5. The golf ball according to claim 1 wherein said cover resin contained, in addition to the mixture of said ionomer resins (A) and (B), a component selected from a group consisting of an ethylene-methacrylic type ionomer resin, polyolefin, polyester elastomer or polyamide, in an amount of less than 20% by weight.
6. The golf ball according to claim 1 wherein said core is a solid core molded from rubber.
7. The golf ball according to claim 1 wherein said core is a thread-wound core prepared by winding rubber thread on a center.
Description

This application is a continuation of application Ser. No. 07/638,808 filed on Jan. 8, 1991, now abandoned.

FIELD OF THE INVENTION

The present invention relates to a golf ball. More particularly, it relates to a golf ball which comprises a core and a specific ethylene-acrylic acid copolymer type ionomer resin covering the core, having superior ball velocity, excellent flying properties and good low temperature durability.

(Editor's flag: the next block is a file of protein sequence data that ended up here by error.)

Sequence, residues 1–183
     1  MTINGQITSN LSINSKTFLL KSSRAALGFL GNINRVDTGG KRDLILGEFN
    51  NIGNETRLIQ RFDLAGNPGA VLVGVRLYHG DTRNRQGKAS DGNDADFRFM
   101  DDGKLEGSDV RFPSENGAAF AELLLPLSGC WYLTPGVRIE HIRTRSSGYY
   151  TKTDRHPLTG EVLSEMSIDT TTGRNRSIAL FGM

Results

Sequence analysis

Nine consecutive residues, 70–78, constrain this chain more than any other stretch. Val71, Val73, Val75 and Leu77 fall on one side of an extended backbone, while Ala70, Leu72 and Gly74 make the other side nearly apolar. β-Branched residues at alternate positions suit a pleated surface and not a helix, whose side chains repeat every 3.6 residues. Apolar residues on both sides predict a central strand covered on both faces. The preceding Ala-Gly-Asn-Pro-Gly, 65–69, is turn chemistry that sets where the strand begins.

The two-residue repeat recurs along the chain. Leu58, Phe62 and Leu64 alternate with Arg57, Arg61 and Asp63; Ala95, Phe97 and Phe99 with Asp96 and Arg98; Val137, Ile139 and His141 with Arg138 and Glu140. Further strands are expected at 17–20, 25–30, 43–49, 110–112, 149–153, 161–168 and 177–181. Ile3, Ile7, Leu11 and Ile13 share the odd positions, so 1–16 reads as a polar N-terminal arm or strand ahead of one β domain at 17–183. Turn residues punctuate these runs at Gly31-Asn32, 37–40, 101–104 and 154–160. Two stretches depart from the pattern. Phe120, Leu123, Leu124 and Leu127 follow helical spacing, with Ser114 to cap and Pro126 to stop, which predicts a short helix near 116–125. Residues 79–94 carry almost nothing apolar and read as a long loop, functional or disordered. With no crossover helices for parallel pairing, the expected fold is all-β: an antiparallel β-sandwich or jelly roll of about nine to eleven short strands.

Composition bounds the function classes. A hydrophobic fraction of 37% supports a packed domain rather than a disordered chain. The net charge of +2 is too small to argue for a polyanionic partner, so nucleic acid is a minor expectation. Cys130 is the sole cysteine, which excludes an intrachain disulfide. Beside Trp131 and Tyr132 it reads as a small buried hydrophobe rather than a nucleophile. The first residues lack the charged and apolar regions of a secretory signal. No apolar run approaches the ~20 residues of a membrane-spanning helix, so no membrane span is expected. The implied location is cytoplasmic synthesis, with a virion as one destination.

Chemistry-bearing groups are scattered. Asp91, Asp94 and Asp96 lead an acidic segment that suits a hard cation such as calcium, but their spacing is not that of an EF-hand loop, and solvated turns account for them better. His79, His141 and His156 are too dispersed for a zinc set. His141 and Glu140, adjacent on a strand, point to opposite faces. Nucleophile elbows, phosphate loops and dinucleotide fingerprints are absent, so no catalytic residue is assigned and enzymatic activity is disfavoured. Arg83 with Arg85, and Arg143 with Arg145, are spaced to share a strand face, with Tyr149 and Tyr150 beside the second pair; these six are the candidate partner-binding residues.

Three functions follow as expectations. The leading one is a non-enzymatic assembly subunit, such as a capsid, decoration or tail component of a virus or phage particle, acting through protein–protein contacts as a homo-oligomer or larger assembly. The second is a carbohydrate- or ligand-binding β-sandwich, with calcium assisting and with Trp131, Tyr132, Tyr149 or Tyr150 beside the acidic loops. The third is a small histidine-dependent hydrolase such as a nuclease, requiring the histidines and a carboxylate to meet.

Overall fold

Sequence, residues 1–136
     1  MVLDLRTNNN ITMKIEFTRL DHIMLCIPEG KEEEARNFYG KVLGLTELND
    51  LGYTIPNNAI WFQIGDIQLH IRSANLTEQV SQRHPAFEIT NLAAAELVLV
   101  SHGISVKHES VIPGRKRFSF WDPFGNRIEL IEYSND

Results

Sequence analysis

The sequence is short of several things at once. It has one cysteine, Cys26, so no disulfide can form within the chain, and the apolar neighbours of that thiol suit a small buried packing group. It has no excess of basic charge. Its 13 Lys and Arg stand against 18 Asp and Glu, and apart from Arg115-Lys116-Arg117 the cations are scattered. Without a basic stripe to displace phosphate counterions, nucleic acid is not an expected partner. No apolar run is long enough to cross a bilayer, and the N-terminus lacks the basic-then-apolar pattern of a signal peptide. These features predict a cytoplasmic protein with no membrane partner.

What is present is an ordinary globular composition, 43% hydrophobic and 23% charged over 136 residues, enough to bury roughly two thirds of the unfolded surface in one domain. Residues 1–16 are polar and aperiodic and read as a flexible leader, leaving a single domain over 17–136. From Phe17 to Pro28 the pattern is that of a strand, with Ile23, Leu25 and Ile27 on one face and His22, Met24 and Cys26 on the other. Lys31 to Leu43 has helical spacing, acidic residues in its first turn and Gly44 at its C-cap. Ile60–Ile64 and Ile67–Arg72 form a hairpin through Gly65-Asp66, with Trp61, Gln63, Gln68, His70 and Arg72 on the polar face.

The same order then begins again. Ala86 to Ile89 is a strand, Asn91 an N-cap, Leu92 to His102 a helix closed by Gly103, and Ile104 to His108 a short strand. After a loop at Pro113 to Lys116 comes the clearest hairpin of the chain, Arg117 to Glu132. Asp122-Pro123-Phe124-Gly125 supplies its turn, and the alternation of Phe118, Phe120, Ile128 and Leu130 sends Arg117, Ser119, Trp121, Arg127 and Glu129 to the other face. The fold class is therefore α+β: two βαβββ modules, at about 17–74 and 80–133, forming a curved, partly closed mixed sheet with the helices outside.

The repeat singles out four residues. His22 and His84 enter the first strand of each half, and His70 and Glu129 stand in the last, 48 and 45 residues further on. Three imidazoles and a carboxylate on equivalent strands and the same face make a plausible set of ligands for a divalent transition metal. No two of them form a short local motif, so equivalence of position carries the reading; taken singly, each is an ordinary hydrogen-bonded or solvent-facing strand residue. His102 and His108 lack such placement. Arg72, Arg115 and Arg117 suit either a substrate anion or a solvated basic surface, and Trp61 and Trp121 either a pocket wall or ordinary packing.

BACKGROUND OF THE INVENTION

Before the early 1980s, golf balls generally were thread wound golf balls which comprised a thread wound core and a balata cover, which mainly contains transpolyisoprene, covering the core. In the late 1980s, a solid core was developed instead of the thread wound core and was covered with an ionomer resin of ethylene-methacrylic acid copolymer commercially available from DuPont Company, instead of the balata cover to form a two piece golf ball. The two piece construction is being employed at present.

The two piece golf balls have become very popular among most of amateur golfers in these days, while the thread wound golf balls covered by the balata cover are regularly used only by skilled amateur golfers or professional golfers. This would be based on the reason that the ionomer resin has high cut resistance and is cheaply available, in comparison with the balata resin. The ionomer resin is commercially available from DuPont Company as SURLYN and in Japan available from Mitsui DuPont Polychemical Co., Ltd. as HI-MILAN.

The ionomer resin which is used for the cover of golf balls, however, is generally an ethylene-methacrylic acid copolymer, and no golf balls of which the cover is an ethylene-acrylic acid copolymer have been ever made and available. For example, U.S. Pat. No. 3,819,768 and Japanese Kokai Publication 119766/1982 suggests that a golf ball cover is formed by ionomer resins, but all ionomer resins are SURLYN (or HI-MILAN), i.e. the ethylene-methacrylic acid copolymer.